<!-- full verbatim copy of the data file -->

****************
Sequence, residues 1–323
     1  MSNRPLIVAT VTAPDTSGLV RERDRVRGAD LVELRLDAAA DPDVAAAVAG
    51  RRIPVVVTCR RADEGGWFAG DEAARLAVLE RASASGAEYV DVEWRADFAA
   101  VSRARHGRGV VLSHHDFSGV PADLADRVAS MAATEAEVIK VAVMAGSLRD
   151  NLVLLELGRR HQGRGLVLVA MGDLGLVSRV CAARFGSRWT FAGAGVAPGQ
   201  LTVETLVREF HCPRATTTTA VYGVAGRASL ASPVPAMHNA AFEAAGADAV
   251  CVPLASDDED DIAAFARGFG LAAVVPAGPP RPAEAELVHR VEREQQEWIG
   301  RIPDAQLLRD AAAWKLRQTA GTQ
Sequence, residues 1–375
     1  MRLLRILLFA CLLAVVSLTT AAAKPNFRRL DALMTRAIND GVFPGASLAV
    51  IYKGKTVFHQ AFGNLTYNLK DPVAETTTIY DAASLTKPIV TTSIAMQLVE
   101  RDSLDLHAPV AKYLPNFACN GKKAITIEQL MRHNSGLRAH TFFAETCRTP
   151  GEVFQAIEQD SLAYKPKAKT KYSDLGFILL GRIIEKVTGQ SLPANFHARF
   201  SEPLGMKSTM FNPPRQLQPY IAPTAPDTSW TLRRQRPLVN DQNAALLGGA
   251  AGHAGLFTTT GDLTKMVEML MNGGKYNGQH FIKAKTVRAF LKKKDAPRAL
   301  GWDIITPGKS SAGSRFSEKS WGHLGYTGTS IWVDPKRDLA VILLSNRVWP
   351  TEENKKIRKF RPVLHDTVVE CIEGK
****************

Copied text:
Sequence, residues 1–323
     1  MSNRPLIVAT VTAPDTSGLV RERDRVRGAD LVELRLDAAA DPDVAAAVAG
    51  RRIPVVVTCR RADEGGWFAG DEAARLAVLE RASASGAEYV DVEWRADFAA
   101  VSRARHGRGV VLSHHDFSGV PADLADRVAS MAATEAEVIK VAVMAGSLRD
   151  NLVLLELGRR HQGRGLVLVA MGDLGLVSRV CAARFGSRWT FAGAGVAPGQ
   201  LTVETLVREF HCPRATTTTA VYGVAGRASL ASPVPAMHNA AFEAAGADAV
   251  CVPLASDDED DIAAFARGFG LAAVVPAGPP RPAEAELVHR VEREQQEWIG
   301  RIPDAQLLRD AAAWKLRQTA GTQ
Sequence, residues 1–375
     1  MRLLRILLFA CLLAVVSLTT AAAKPNFRRL DALMTRAIND GVFPGASLAV
    51  IYKGKTVFHQ AFGNLTYNLK DPVAETTTIY DAASLTKPIV TTSIAMQLVE
   101  RDSLDLHAPV AKYLPNFACN GKKAITIEQL MRHNSGLRAH TFFAETCRTP
   151  GEVFQAIEQD SLAYKPKAKT KYSDLGFILL GRIIEKVTGQ SLPANFHARF
   201  SEPLGMKSTM FNPPRQLQPY IAPTAPDTSW TLRRQRPLVN DQNAALLGGA
   251  AGHAGLFTTT GDLTKMVEML MNGGKYNGQH FIKAKTVRAF LKKKDAPRAL
   301  GWDIITPGKS SAGSRFSEKS WGHLGYTGTS IWVDPKRDLA VILLSNRVWP
   351  TEENKKIRKF RPVLHDTVVE CIEGK